I surprised myself yesterday bursting into tears as I came across a picture online of Kenji Goto. Just the day previous I had been looking at a web magazine on the Christian history of Nagasaki [link here] and was jolted by the name ‘Goto’, a group of islands off Nagasaki well-known, I learned, for its history of the utterly remarkable hidden Christians. This underground culture of believers came to be following an edict banning Christianity from the land, a ban that was made public by the 600 mile march from Kyoto to Nagasaki of the men (and children) who were to be murdered as examples, by the Powers.
Among the merchants and missionaries crowding the shores of the southern-most island in the mid sixteenth century there was a dangerous entanglement with politics which led, in the early seventeenth century, to the launch of what Diarmaid MacCulloch in The History of Christianity describes as
‘one of the most savage persecutions in Christian history . . . The Church in Japan, despite the heroism of its native faithful, was reduced to a tiny and half-instructed remnant. It struggled to maintain even a secret existence for more than two centuries until Europeans used military force to secure free access to the country after the 1850s, and rediscovered it with astonishment . . .’.
One of the three named saints of the 26 martyrs of 1597 was John So-an Goto. He was 19 when he was killed. Kenji’s name and the name of the islands have no relation in meaning, only in sound (and in Roman script), I know, but Kenji was, among all the other things he was (son, husband, father, journalist, Japanese), a Christian, and in a sense heir to the martyrs whose witness the Church commemorates today.
The word ‘martyr’ has its roots in the Latin for ‘witness’. The early Christian converts in Japan were mainly from the elite and influential warrior class known as the samurai. Inazo Nitobe’s Bushido: The Soul of Japan might help to lay out some foundations for the claim that there is a great deal of convergence in the virtue ethics of the samurai and the Christian. And it is no surprise to read of St. Francis Xavier’s love for the Japanese who he found to be ‘more ready to be implanted with our holy faith than all the nations of the world.’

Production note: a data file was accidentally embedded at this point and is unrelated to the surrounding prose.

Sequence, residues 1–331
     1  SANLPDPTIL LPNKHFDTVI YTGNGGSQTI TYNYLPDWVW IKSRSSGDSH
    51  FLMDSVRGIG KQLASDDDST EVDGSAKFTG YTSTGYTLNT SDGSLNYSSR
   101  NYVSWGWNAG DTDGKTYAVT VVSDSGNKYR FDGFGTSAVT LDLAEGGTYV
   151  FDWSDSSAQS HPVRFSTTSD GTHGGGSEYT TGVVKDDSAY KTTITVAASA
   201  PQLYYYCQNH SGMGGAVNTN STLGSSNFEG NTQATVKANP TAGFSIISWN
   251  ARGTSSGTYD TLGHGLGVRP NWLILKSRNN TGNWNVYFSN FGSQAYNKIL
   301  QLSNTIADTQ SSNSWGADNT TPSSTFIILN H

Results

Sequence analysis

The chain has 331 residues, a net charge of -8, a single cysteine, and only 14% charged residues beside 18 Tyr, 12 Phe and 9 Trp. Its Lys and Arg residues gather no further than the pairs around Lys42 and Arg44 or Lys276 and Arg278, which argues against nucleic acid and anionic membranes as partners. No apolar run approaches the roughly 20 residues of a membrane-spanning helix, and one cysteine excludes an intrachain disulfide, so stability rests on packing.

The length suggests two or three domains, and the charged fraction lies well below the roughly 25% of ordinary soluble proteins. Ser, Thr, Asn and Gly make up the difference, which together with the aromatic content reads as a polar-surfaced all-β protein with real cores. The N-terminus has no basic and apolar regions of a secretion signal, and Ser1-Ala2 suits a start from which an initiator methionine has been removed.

But I admit that I have never been able to wrap my mind around the extreme concept of martyrdom. I have equal difficulty with related ideas of war and its evil (modern?) corollary, terror. There is at least one point on which they share territory: each seems to be a spectacularly ghastly form of political theatre, a stage on which we invest with truth the poem by Robert Burns:
Man was made to mourn: a Dirge
Many and sharp the num’rous ills
Inwoven with our frames!
More pointed still we make ourselves
Regret, remorse, and shame!
And man, whose heaven-erected face
The smiles of love adorn, –
Man’s inhumanity to man
Makes countless thousand mourn.
While victims of terrorism are not always (or even usually) martyrs, martyrs are always victims of terrorism.
So while I sit with the story of Kenji and I remember the martyrs, I think of their passion, conviction and courage. Were it not for St. Paul Miki and his companions, I would not be, via strange and benevolent twists and turns, in Japan and teaching at a Catholic school. G.K.Chesterton remarked that courage was a quality that ‘has ever addled the brains and tangled the definition of merely rational sages’:
Courage is almost a contradiction in terms. It means a strong desire to live taking the form of a readiness to die. “He that will lose his life, the same shall save it,” is not a piece of mysticism for saints and heroes. It is a piece of everyday advice for sailors or mountaineers. . . This paradox is the whole principle of courage. [One] must seek life in a spirit of furious indifference to it; [one] must desire life like water and yet drink death like wine.
(From Orthodoxy, Chapter VI ‘The Paradoxes of Christianity)
And in my prayers I reflect on this poetic description of the martyr archetype and wonder about passion:
Our lives are our contribution to the universe.
We can give this gift freely and lovingly, or we can hold back,
as if it were possible by refusing life to avoid death.
But no one can.
How much worse to die, never having lived!
The . . . lesson of the martyr [archetype] is to choose to give the gift of one’s life for the giving’s sake, knowing that life itself is its own reward and remembering that all little deaths, the losses in our lives always have brought with them transformation and new life, that actual deaths are not final but . . . a more dramatic passage through into the unknown.
(Carol Pearson, 115)